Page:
New York City, NY (NewYorkInjuryNews.com) — On May 1, 2008, Donte Mills, Esq. of Sullivan Papain Block McGrath & Cannavo won $850,000.00 from a Bronx County jury in a case involving an injured motorcyclist and a roadway defect.
Four years earlier, in June 2004, Joseph Smeraldi was operating his motorcycle on the Triborough Bridge. His motorcycle struck a hole in the roadway, caused by a missing piece of pavement, and he lost control. Mr. Smeraldi hurtled through the air, landing violently. Fortunately, he only fractured several ribs and his elbow, avoiding any collision with cars.
After investigating the case, Sullivan Papain started a lawsuit on Mr. Smeraldi’s behalf against the Triborough Bridge and Tunnel Authority (“TBTA”), the public agency charged with the responsibility of maintaining the bridge in safe condition. Sullivan Papain alleged that the TBTA knew or should have known that the pothole at issue was a dangerous condition and, therefore, should have taken steps to repair the defect before Mr. Smeraldi’s accident.
There were plenty of obstacles to overcome to achieve a verdict for Mr. Smeraldi.
First, there were no photographs of the pothole, as it existed at the time of the accident. The only photographs available were of the accident scene without any pothole. We determined that, shortly after the accident, the TBTA filled in the defect. Evidence of such a repair is not permitted at trial. We were left only with Mr. Smeraldi’s description of the dangerous condition, as it existed at the time of the accident.
The TBTA, relying upon police photographs and official measurements of skid marks taken at the time of the mishap, sought to prove that Mr. Smeraldi was traveling 25 miles over the posted speed limit. The TBTA also claimed that it had no notice of the defect before the accident. Finally, the TBTA emphasized that Mr. Smeraldi had fully recovered from his fractured ribs and elbow.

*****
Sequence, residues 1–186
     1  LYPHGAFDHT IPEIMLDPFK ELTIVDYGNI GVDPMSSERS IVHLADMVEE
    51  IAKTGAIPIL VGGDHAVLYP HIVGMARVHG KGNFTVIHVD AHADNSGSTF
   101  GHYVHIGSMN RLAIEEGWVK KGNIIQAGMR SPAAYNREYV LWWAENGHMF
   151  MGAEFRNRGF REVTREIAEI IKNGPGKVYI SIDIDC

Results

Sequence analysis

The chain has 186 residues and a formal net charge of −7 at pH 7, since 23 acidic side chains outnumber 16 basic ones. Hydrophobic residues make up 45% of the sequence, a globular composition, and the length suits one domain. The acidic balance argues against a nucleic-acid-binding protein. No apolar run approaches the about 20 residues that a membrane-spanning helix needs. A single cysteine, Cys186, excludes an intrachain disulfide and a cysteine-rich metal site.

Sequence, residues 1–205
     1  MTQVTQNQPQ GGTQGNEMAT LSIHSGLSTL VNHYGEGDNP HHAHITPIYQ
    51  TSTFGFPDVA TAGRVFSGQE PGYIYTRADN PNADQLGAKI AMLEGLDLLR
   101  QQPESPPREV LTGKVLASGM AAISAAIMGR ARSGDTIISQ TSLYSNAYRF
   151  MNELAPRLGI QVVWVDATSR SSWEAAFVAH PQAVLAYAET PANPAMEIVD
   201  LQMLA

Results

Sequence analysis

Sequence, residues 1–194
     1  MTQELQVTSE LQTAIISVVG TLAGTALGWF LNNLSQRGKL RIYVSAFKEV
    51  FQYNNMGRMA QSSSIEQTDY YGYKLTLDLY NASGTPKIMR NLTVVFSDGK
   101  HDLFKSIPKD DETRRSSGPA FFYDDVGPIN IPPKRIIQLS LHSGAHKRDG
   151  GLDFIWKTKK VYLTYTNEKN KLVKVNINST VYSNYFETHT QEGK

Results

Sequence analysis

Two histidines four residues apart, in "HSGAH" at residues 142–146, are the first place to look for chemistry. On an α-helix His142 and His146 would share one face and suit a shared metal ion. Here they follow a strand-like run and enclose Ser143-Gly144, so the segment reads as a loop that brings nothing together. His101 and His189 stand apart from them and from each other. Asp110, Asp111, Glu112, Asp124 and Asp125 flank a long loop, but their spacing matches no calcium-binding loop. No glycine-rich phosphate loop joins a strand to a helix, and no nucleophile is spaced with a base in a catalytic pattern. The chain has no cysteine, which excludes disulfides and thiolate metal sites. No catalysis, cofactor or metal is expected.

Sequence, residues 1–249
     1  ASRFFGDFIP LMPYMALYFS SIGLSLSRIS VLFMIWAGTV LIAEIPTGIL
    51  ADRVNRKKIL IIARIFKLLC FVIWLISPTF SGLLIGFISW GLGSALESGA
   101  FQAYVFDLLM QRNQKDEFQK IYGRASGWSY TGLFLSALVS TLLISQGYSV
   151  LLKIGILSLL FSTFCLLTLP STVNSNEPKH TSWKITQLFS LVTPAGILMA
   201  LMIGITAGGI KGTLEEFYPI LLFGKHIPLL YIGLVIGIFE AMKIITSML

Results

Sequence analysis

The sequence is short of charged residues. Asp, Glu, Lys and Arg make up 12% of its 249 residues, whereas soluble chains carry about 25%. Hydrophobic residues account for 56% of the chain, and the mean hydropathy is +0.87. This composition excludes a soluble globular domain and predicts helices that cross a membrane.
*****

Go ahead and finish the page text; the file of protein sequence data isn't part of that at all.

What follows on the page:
At trial, our attorney, Mr. Mills, demonstrated that Mr. Smeraldi’s injuries continued to cause him pain, and called a physician to testify to this. He then cross-examined the TBTA’s reconstruction expert, who sought to blame the accident on a high rate of speed. The jury was persuaded, finding the TBTA to be 100% responsible for the accident and awarding the plaintiff $850,000.00 for past and future pain and suffering.
This was a good win for our client. Mr. Smeraldi had presented a demand of $250,000 to settle the case before verdict, but the TBTA refused to pay anything.This information brought to you by Vito Cannavo, Esq., New York Personal Injury, Medical Malpractice, Liability Attorney, Sullivan Papain Block McGrath & Cannavo P.C.